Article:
Each sprocket 35 on the end of shaft 22 is driven by a chain 36 that passes around a sprocket 37 of a gear box 38. The gear box, in turn, is driven by a motor 39 through drive means 40 including a belt 40a that interconnects a pulley 40b on the output shaft of the motor and a pulley 40c of a clutch 40d. Another pulley 40e of the clutch has a belt 40f therearound. Belt 40d also passes around a pulley 40g on the input shaft of the gear box. When the clutch is engaged the motor, which is continuously operating, drives the gear box 38 and the conveyor belt. When the clutch is disengaged the conveyor belt is stopped. By regulating the frequency of energization of the clutch, in conventional fashion, the rate of travel of bread on the conveyor, through the conveyor can be regulated.
Support braces 43-46 are fixed to the rail members 15 and project upwardly therefrom to support an oven housing, shown generally at 50.
The oven housing 50 is of generally rectangular configuration, with exterior side walls 51 and 52, FIG. 3, interconnected by an exterior top wall 53 and interior side walls 54 and 55 and interior top wall 56. An insulating material 57, such as asbestos fills the space between the interior and exterior walls and helps to retain heat within the housing 50. An inlet end wall, FIG. 2, made up of an outer wall 58 and an inner wall 59 with the insulating material 57 therebetween extends from the top of the housing down to a position close to, but spaced slightly above, the upper surface of the conveyor belt 24. Similarly, a discharge wall, made up of an inner wall 61, and an outer wall 62 interconnected by insulating material 63 is provided at the discharge end of the housing and extends downwardly towards the conveyor belt. A flexible, heat retaining flap 64 then projects from the downwardly extending discharge wall to be in engagement with the upper surface of the conveyor belt 24. As will become more apparent, dough formed into the general configuration of the bread loaf desired and in a rather flat condition is placed on the conveyor belt and is carried beneath the inlet wall and into the oven. As the bread is traveled above the burners 32, the heat therefrom acts on the bread to cause it to rise slightly and to bake.
Another burner assembly shown generally at 70, comprises an inlet pipe 71 that extends into the housing 50 through sleeve 72 that is fixed to and carried by support members 73 on top of the housing. A set screw 74 is threaded through sleeve 72 to engage the inlet pipe 71 and to hold it in position. When the set screw 74 is released the pipe 71 can be raised or lowered to allow positioning of the upper burner as will be hereinafter explained. At its lower end, inlet pipe 71 is connected to a central burner pipe 75, which in turn is connected through manifold pipe 76 to burner pipes 77. The pipes 75 and 77 thus extend over the conveyor belt 24 and transversely to the direction of travel of the belt. The distance between the pipes 75 and 77 and the upper surface of the conveyor belt is determined by the positioning of inlet pipe 71 within the sleeve 72.
Bread traveling on the conveyor belt 24 is moved over the lower burners 32 and then is moved beneath burners 78 in the lower surfaces of the burner pipes 75 and 77. This alternate heat application from beneath and then from above the bread contributes greatly to a properly baked loaf of Arabic-style bread.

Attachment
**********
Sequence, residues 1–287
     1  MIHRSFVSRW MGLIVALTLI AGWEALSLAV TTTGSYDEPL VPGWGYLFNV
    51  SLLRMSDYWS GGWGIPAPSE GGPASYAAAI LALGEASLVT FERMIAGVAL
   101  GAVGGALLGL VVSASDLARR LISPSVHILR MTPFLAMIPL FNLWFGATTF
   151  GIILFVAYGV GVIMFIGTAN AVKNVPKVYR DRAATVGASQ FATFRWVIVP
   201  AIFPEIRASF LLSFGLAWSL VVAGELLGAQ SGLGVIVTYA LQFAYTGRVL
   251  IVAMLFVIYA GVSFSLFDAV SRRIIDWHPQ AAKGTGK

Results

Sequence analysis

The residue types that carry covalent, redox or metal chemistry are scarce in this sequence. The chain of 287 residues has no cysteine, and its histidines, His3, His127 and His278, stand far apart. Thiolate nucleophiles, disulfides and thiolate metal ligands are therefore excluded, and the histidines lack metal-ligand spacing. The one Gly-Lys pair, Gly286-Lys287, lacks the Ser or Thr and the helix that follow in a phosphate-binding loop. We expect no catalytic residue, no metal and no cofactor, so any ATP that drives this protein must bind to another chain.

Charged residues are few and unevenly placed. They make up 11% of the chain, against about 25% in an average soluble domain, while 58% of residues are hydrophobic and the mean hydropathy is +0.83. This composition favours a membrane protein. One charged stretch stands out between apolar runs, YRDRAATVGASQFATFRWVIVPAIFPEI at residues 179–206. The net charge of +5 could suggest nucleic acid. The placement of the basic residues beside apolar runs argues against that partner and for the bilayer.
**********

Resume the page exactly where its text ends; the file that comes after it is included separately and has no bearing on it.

It is further necessary to a properly baked loaf, however, that the moisture released from the bread loaves during baking be controlled and that the temperature in the oven be rather closely regulated. To allow for such moisture and temperature control, there are provided a plurality of vent stacks 80 that extend upwardly through the exterior and interior top walls 53 and 56, respectively and the insulating material 57 therebetween. The lower ends of the vent stacks open into a chamber 79 formed between the interior top wall 56 and a spaced apart top inner wall 81 that is supported by side inner walls 82 that are spaced from the interior side walls 54 and 55 and that are supported on the side rails 15. End panels 83 at each end of the oven extend from the exterior side walls to the inner walls to seal the chambers formed between the walls.
A row of spaced apart holes 84 is provided through each inner wall and guide flanges 84a and 84b are provided inside the oven and at opposite sides of each row of holes 83 to receive a slide 85. Each slide 85 has a row of spaced holes 85a therethrough, with the spacing between holes 85a being essentially the same as the spacing between holes 84.
Slides 85 are preferably made of flat sheet metal, bent at the end nearest the discharge end of the conveyor to form a handle 86, which handle can be grasped to move the slide within the guide flanges. The positions of the slides 85 determine the alignment of holes 85a with the holes 84 and the extent to which venting of the interior of the oven through holes 85a, holes 84, the chamber 79 and the vent stacks 80. The amount of venting, will, of course, regulate both the amount of moisture in the oven and the temperature. For convenience, a temperature indicating gauge 90 can be mounted on the oven and can be connected in conventional fashion to continually show the interior temperature of the oven.
With the oven of the present invention the Arabic-style bread can be readily baked. The baking temperature and humidity can be controlled to the degree necessary for satisfactory baking and there is no need for expensive and complicated temperature responsive control valve or other such equipment.
Since the inlet end wall extends close to the conveyor belt, (the spacing being just enough to allow a flat loaf of soft bread dough to pass thereunder), very little of the heat rising from the lower burners is lost at the inlet end of the oven. The flap 64, allows the slightly raised and baked loaves of bread to pass out of the oven while retaining most of the heat within the housing. While tbe oven housing does not include any bottom panels, these are not necessary since the rising heat is adequately trapped by the housing.
Although a preferred form of my invention has been herein disclosed, it is to be understood that the present disclosure is by way of example, and that variations are possible without departing from the subject matter coming within the scope of the following claims, which subject matter I regard as my invention.
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|CN103411245A *||Aug 1, 2013||Nov 27, 2013||珠海市洪富食品机械制造有限公司||Novel gas furnace|
|U.S. Classification||432/146, 126/25.00A, 99/360, 99/443.00C|
|International Classification||A21B1/33, A21B1/48|
|Cooperative Classification||A21B1/48, A21B1/33|
|European Classification||A21B1/48, A21B1/33|